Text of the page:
It’s a little late for the Tigers to make a surprising surge and enjoy a few days in the first place like the Royals (who have since come crashing back down to earth), but they’re slowly starting to turn upward in 2021. They’ll enter this series having won six of their last 10, and despite having the second-worst run differential, they aren’t the worst team in the league — or even their division thanks to the Twins.

Team at a glance

  • Record: 18-28
  • Runs Scored: 168
  • Run Differential: -58
  • Last 10: 6-4
  • Slash: .229/.296/.361
  • wOBA: .291
  • wRC+: 84
  • ERA: 4.71
  • SIERA: 4.43
  • K-BB%: 11.3%

Projected starters

Monday, May 24, 7:10 p.m. ET: RHP Spencer Turnbull vs. Sam Hentges
If the Tigers hope to compete in the next few years, they’ll need Spencer Turnbull to continue the trend he’s been on lately. The 28-year-old is coming off a no-hitter against the Mariners, where he struck out nine and walked two on his way to history. Even before that, though, he was off to a great start.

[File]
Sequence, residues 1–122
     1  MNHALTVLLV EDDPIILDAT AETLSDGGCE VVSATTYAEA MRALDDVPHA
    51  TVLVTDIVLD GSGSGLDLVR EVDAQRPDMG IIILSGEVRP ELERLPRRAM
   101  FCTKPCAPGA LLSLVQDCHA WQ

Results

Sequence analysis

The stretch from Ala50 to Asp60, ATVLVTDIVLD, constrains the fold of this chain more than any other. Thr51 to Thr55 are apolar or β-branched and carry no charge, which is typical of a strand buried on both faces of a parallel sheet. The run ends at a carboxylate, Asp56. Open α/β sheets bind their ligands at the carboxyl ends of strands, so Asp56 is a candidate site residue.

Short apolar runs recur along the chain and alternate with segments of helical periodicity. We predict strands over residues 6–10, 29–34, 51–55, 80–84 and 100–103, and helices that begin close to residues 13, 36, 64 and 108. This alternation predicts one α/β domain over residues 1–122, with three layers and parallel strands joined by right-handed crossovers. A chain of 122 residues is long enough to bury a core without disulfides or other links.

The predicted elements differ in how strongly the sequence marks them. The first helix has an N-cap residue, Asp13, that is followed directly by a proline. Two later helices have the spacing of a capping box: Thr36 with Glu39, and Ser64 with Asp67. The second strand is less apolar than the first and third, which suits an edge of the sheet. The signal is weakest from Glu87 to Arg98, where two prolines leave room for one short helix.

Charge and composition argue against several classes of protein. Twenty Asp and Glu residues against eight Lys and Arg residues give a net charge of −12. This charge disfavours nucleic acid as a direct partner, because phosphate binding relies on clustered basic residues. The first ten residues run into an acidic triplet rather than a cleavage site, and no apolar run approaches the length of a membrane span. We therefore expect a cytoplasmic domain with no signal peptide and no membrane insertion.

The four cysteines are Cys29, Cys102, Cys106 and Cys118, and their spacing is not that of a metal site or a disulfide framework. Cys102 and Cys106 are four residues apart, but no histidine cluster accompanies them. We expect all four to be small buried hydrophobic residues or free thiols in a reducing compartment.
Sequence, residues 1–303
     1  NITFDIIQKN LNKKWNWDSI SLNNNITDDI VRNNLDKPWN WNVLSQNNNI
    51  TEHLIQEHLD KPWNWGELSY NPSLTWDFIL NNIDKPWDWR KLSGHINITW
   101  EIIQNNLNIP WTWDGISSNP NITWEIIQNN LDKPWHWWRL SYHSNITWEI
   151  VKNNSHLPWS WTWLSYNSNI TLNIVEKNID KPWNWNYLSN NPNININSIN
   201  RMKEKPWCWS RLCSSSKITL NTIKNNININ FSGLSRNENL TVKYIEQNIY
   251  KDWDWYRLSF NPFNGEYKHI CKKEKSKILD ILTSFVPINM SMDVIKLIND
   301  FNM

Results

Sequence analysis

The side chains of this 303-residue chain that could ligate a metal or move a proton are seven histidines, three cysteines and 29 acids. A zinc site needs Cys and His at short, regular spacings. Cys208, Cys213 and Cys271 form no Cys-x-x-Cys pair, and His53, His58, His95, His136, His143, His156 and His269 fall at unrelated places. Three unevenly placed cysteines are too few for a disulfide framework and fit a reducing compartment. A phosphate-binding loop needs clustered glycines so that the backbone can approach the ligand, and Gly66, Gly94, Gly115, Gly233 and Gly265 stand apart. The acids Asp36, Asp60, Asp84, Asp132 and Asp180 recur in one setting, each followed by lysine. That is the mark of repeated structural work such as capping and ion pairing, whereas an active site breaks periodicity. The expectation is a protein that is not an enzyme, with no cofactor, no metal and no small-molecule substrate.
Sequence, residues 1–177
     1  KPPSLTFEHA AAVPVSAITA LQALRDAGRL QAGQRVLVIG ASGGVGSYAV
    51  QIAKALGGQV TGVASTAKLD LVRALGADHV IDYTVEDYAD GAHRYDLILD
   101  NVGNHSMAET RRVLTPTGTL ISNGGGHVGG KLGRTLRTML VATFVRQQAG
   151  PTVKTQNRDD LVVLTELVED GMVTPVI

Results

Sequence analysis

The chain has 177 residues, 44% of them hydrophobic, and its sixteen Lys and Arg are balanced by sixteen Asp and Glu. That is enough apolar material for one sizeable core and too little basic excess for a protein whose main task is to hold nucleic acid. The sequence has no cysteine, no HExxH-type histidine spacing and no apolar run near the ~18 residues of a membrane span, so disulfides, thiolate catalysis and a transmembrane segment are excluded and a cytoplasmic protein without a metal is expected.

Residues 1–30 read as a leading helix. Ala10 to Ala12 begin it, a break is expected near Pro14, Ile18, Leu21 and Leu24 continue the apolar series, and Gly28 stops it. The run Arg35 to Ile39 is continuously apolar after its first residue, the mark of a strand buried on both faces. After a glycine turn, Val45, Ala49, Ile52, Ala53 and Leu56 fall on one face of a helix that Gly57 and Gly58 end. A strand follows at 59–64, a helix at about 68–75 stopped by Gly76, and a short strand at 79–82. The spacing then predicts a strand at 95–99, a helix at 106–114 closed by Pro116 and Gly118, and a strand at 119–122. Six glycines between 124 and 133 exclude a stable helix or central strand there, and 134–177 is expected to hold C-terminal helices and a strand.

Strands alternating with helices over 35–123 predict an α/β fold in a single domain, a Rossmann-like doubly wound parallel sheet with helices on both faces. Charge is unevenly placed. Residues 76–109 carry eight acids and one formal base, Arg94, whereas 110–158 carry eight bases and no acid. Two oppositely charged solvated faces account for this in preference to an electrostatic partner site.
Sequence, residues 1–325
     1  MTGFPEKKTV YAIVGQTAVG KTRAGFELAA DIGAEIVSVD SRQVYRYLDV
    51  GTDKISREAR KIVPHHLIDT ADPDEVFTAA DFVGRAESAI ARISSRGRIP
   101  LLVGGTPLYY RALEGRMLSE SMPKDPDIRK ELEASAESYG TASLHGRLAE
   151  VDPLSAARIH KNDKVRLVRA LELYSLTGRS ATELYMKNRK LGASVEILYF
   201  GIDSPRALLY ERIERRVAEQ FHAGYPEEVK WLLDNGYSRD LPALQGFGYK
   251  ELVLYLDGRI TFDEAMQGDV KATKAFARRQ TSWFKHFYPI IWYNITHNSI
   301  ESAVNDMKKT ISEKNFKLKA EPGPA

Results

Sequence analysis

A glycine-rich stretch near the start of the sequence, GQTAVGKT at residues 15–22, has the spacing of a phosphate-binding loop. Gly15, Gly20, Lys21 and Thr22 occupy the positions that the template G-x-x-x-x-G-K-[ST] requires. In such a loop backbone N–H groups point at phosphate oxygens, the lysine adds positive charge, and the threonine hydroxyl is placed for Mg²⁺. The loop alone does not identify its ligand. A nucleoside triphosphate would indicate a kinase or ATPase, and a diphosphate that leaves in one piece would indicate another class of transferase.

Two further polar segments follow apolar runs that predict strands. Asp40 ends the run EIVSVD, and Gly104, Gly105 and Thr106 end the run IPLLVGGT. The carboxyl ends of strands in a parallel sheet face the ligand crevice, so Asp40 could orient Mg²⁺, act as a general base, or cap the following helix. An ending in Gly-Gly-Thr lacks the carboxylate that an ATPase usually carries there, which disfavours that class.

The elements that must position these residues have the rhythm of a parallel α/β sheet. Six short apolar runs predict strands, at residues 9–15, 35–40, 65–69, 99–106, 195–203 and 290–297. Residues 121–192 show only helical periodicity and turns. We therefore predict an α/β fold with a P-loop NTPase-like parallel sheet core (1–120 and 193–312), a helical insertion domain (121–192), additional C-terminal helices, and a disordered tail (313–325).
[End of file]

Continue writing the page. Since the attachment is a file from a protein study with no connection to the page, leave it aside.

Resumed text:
Of Turnbull’s five starts prior to the no-hitter, only one included more than three earned runs, and only 3.4% of his fly balls were going for home runs. A sinker-baller by way of a 94.8 mph fastball with big horizontal movement, Turnbull has gotten the ball on the ground 52.4% of the time this season. That’s up from 46% in his rookie season, 48.3% in 2019, and 50% of the time last year.

Turnbull has a curious pitch mix, looking something more like Shane Bieber’s selection (based purely on movement profiles) than a pure sinker thrower. He relies primarily on his 93.7 mph fastball, which he’s thrown 39.7% of the time this season. After that is his slider (25.2%), and finally the sinker (19.8%). Where most pitchers who throw a lot of sinkers try to match the horizontal break with the slider for maximum deception, Turnbull plays his sinker mostly off his four-seamer, which has a very similar vertical break and almost no side-to-side movement.

Tuesday, May 25, 7:10 p.m. ET: LHP Tarik Skubal vs. Aaron Civale